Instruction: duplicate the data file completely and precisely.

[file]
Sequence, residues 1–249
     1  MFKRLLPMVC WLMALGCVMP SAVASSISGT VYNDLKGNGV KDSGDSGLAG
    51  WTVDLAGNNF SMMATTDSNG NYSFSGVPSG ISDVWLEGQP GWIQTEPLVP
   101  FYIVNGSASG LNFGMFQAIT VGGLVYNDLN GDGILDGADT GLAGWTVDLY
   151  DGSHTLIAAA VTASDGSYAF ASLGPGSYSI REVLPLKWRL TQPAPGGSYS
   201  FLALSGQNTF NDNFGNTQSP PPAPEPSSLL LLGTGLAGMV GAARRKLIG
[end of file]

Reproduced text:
Sequence, residues 1–249
     1  MFKRLLPMVC WLMALGCVMP SAVASSISGT VYNDLKGNGV KDSGDSGLAG
    51  WTVDLAGNNF SMMATTDSNG NYSFSGVPSG ISDVWLEGQP GWIQTEPLVP
   101  FYIVNGSASG LNFGMFQAIT VGGLVYNDLN GDGILDGADT GLAGWTVDLY
   151  DGSHTLIAAA VTASDGSYAF ASLGPGSYSI REVLPLKWRL TQPAPGGSYS
   201  FLALSGQNTF NDNFGNTQSP PPAPEPSSLL LLGTGLAGMV GAARRKLIG